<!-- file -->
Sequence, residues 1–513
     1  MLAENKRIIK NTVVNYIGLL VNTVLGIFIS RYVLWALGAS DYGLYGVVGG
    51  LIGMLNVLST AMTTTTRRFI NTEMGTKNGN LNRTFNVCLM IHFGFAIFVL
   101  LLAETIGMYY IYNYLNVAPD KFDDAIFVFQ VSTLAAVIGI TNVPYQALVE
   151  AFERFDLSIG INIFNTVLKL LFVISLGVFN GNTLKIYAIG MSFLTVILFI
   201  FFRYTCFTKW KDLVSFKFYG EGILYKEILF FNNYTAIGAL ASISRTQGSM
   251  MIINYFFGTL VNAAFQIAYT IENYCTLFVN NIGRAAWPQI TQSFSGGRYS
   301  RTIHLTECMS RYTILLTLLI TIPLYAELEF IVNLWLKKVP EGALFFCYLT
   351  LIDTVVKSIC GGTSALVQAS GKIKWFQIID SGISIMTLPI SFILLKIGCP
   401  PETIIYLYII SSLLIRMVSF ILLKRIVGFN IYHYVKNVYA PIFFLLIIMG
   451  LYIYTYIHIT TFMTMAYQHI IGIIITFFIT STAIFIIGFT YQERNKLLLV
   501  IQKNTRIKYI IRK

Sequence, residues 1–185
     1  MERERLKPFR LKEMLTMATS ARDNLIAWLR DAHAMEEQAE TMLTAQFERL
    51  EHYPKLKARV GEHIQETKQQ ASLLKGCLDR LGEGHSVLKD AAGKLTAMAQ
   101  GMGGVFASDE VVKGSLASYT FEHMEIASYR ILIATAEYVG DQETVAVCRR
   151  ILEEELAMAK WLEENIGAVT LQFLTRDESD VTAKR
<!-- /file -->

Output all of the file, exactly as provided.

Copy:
Sequence, residues 1–513
     1  MLAENKRIIK NTVVNYIGLL VNTVLGIFIS RYVLWALGAS DYGLYGVVGG
    51  LIGMLNVLST AMTTTTRRFI NTEMGTKNGN LNRTFNVCLM IHFGFAIFVL
   101  LLAETIGMYY IYNYLNVAPD KFDDAIFVFQ VSTLAAVIGI TNVPYQALVE
   151  AFERFDLSIG INIFNTVLKL LFVISLGVFN GNTLKIYAIG MSFLTVILFI
   201  FFRYTCFTKW KDLVSFKFYG EGILYKEILF FNNYTAIGAL ASISRTQGSM
   251  MIINYFFGTL VNAAFQIAYT IENYCTLFVN NIGRAAWPQI TQSFSGGRYS
   301  RTIHLTECMS RYTILLTLLI TIPLYAELEF IVNLWLKKVP EGALFFCYLT
   351  LIDTVVKSIC GGTSALVQAS GKIKWFQIID SGISIMTLPI SFILLKIGCP
   401  PETIIYLYII SSLLIRMVSF ILLKRIVGFN IYHYVKNVYA PIFFLLIIMG
   451  LYIYTYIHIT TFMTMAYQHI IGIIITFFIT STAIFIIGFT YQERNKLLLV
   501  IQKNTRIKYI IRK

Sequence, residues 1–185
     1  MERERLKPFR LKEMLTMATS ARDNLIAWLR DAHAMEEQAE TMLTAQFERL
    51  EHYPKLKARV GEHIQETKQQ ASLLKGCLDR LGEGHSVLKD AAGKLTAMAQ
   101  GMGGVFASDE VVKGSLASYT FEHMEIASYR ILIATAEYVG DQETVAVCRR
   151  ILEEELAMAK WLEENIGAVT LQFLTRDESD VTAKR